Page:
Use this URL to cite or link to this record in EThOS:
Title: Remote monitoring in heart failure patients with an implanted device : a description of the "AF burden", association with stroke risk and the impact of remote monitoring on antithrombotic therapy decision making
Author: Till, Richard James Anthony
ISNI:       0000 0004 7228 9595
Awarding Body: Imperial College London
Current Institution: Imperial College London
Date of Award: 2018
Availability of Full Text:
Access from EThOS:
Access from Institution:
Introduction: Atrial fibrillation (AF) is the most common cardiac arrhythmia, with a prevalence of 2% in a general Western population, rising to 22% in patients with heart failure (HF). AF can occur in paroxysms or be present continuously. HF with AF is associated with an increased risk of stroke. Strokes due to AF that occur in HF patients are more severe than those that occur in patients without HF. Oral anticoagulation therapy (OAT) reduces the risk of stroke in patients with AF, although with an increased risk of major bleeding. While the relationship between persistent AF and stroke events in HF patients is well described, there is less clarity about the stroke risk from paroxysmal forms of AF. Paroxysmal AF is commonly described with reference to an ‘AF burden’, but how large a burden of paroxysmal AF warrants therapy with OAT is not known. Remote monitoring of Cardiac Implantable Electronic Devices (CIEDs) can provide a continuous assessment of cardiac rhythm. This offers a new method of describing the burden of paroxysmal AF that occurs in patients with HF. Methods: Remote monitoring data downloads from patients with CIEDs and HF were collected from patients at 2 UK hospitals. 169 patients were analysed in the first centre. Both AF episode data and clinical data were collected. The data from this centre was used to determine the feasibility of the technique, and the burden of AF was described. AF episodes were then collated into ‘AF days’ and the incidence of significant AF days was described with reference to 5 previously used definitions of a significant AF day in previously published work. 327 patients were analysed from a second UK centre with data collected in order to validate the incidence of AF observed in the first centre. Results: In patients from Centre 1, 3,426 episode of AF were detected during remote follow-up in 115 patients over 446 patient years. Paroxysmal AF was detected in 63% of patients who were presumed to have sinus rhythm at the time of implant. The median total AF burden in this group was small (187 seconds; 16 seconds – 7.2 days), but 32% of patients with pAF had a total burden of greater than 1 day. The burden of AF was described in several ways, and exploratory 12 analyses of AF burden was also carried out. The burden of AF was compared to that in the 5 previously published studies of remotely detected AF. One definition (‘≥ 30 seconds of AF in a 24 hour period’) was found to be met by all patients who then also met other definitions, and patients appeared to fulfil this definition of a clinically significant burden of AF sooner. In centre 2, 7,148 episodes of AF occurred in 236 patients over a follow period of 805 patient years. The burden of AF appeared broadly similar to that observed in the first centre, and the comparison with the previously published data was also similar. Conclusions: AF occurs frequently in patients with HF in whom dual chamber CIEDs have been implanted. Many patients spend only a short amount of time in AF, and the clinical significance of this is unclear. A definition of ‘at least 30 seconds in a 24 hour period’ was met by all patients who met other published definitions of a significant burden of AF and was met sooner than the other definitions of significance. Further work is needed to determine if this burden of AF could predict longer burdens and to correlate pAF burden with stroke risk.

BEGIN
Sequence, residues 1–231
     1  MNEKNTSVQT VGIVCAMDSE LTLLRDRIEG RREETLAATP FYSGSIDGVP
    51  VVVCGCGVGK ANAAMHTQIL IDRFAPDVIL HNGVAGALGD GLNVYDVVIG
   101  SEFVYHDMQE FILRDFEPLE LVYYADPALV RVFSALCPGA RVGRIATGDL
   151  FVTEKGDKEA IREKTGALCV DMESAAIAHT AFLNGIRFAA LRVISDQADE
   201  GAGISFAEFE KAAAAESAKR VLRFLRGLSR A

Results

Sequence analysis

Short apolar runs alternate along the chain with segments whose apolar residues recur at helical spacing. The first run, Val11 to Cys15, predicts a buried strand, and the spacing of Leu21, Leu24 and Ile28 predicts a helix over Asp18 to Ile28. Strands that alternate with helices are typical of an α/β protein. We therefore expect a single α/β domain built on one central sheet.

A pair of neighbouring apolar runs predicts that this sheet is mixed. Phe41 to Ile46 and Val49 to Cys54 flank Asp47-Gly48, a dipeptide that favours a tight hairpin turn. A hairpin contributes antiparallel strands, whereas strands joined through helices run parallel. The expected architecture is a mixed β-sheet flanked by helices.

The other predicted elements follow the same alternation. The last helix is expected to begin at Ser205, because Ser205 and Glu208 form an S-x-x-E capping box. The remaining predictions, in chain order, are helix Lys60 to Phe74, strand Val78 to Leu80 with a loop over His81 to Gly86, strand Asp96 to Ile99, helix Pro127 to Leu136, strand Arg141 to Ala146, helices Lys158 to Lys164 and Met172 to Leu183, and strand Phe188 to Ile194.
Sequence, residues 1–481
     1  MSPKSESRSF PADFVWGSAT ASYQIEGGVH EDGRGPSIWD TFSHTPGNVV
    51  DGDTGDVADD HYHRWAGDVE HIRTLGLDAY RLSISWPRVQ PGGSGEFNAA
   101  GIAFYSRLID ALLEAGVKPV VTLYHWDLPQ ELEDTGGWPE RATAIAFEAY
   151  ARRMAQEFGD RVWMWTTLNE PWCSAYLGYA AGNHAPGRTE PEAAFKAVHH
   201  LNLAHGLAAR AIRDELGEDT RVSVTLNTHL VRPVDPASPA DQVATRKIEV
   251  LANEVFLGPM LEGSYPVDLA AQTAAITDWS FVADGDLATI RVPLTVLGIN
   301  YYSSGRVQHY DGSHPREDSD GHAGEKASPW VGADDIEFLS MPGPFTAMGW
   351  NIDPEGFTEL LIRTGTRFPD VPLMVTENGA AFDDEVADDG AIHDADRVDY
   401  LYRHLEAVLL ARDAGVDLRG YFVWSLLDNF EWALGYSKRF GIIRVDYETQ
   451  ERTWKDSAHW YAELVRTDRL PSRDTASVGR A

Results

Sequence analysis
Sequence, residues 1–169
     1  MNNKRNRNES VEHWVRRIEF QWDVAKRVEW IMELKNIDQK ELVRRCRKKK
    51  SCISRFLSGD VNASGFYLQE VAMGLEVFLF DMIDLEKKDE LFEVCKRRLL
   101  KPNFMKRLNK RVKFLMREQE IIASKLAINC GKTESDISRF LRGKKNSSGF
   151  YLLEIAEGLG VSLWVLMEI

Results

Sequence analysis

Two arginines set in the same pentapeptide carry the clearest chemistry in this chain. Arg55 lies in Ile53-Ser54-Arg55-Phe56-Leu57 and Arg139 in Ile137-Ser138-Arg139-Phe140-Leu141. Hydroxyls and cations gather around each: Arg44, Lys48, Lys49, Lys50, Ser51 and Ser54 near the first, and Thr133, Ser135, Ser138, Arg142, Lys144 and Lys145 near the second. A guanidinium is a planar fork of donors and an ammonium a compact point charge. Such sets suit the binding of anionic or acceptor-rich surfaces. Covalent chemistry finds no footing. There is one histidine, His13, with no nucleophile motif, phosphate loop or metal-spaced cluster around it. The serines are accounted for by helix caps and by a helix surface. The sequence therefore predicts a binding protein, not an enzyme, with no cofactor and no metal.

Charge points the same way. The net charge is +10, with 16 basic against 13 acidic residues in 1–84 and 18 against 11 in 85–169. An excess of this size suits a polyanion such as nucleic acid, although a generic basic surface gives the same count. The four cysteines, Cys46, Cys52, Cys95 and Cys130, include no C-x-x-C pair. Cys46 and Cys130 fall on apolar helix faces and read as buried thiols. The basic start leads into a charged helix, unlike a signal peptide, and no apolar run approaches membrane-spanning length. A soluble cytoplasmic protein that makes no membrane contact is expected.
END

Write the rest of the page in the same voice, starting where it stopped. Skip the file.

Supervisor: Cowie, Martin Sponsor: Not available
Qualification Name: Thesis (M.D.) Qualification Level: Doctoral